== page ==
4. I agree with Reality Check. Create a well written resume, maybe a few resumes customized to different types of positions you are interested in. I have be getting I few interviews a week despite not customizing my resume and most of the time not even sending in cover letters. I am becoming convinced that recruiters are word searching resume databases. Customizing resumes and most of the time creating cover letters is time better spent looking for another better opportunity and being prepared for the interview. Have your pitch and clothes ready. My standard resumes have been generating interviews and my interviews have been going well. But, employers have their choice of candidates in these market and you just have keep going until you hit it off with one employer.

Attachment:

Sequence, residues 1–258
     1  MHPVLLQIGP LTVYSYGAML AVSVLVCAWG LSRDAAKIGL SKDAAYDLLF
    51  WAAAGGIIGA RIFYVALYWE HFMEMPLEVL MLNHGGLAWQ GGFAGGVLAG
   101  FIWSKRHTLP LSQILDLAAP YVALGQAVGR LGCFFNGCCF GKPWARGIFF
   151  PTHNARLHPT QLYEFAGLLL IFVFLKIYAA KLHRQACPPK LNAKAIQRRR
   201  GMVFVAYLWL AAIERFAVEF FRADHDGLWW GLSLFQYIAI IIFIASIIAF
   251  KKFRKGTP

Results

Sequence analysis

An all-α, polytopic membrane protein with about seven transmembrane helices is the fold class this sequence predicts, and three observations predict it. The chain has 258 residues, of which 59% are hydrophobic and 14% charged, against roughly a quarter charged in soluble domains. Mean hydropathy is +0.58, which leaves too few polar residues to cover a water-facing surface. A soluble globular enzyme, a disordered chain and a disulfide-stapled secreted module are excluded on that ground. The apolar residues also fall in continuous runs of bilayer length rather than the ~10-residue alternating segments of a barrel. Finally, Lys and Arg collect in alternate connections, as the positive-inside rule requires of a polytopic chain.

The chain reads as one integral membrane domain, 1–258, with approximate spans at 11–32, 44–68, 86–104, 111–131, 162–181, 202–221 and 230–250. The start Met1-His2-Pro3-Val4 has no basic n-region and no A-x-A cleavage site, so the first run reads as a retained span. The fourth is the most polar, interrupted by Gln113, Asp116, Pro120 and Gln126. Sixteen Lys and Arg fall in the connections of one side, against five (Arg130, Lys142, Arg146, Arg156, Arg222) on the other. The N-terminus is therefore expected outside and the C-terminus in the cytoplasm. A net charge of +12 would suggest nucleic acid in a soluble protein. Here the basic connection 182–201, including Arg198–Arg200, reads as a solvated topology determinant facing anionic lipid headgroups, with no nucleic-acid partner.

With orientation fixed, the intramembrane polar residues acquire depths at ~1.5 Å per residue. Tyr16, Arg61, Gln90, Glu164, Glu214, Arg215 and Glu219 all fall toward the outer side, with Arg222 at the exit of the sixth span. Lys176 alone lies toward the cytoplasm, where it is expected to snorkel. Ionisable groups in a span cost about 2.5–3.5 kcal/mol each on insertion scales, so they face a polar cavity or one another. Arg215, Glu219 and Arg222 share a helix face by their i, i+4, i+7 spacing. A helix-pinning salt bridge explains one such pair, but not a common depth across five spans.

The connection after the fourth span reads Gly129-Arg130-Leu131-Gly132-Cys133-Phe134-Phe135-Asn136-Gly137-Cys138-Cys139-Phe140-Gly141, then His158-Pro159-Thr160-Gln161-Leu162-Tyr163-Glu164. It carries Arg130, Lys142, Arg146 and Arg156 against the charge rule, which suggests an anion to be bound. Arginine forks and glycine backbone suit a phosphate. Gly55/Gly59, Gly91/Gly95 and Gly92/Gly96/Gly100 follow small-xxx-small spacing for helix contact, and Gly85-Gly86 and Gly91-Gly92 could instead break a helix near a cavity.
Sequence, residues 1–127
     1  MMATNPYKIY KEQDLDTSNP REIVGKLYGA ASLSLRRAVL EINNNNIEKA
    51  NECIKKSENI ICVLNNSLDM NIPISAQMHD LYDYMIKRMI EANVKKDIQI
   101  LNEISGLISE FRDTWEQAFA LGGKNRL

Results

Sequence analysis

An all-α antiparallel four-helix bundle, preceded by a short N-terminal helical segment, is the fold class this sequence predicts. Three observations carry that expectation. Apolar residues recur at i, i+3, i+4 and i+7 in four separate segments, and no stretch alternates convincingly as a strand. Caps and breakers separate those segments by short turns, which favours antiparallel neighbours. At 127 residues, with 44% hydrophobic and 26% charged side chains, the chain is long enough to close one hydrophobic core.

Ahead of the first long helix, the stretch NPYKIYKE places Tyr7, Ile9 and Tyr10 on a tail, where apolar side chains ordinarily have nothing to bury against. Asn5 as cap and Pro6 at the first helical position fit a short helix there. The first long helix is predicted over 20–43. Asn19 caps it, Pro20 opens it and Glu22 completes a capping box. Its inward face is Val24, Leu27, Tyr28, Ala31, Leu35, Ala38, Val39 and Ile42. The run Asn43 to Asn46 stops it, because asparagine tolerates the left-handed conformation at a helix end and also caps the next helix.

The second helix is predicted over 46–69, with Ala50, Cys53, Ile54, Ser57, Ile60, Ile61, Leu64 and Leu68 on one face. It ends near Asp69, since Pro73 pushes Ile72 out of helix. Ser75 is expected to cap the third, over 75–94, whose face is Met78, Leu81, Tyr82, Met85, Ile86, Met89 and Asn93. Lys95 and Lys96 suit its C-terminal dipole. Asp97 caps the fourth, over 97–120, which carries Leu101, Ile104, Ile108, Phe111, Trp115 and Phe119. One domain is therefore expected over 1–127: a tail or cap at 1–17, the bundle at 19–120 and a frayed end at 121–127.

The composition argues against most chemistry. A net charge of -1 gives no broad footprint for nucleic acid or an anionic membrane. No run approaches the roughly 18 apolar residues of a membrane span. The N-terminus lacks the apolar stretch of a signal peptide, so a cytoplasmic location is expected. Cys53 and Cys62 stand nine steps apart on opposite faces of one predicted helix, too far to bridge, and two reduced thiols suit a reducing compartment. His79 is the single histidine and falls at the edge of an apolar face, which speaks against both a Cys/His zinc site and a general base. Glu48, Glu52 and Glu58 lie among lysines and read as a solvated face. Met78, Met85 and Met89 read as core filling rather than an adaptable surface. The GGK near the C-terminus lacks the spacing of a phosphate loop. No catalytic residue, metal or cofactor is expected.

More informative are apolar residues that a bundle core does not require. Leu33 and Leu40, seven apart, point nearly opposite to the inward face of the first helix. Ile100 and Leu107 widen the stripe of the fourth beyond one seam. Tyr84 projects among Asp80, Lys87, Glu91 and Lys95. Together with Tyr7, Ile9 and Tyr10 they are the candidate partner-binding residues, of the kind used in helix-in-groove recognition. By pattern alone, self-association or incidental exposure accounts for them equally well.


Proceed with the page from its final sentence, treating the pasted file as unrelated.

5. I also agree with Mike and Reality Check, especially Mike’s thought on a few resumes customized to different types of positions you are interested in. And, that employers have their choice of candidates. I appreciate Mark’s comments. However, the reality for the unemployed is that a person can’t customize resumes for all of the jobs you are seriously interested. For the long-term unemployed, the process is increasingly frustrating and the countless number of unanswered responses from HR areas. My hope is dwindling.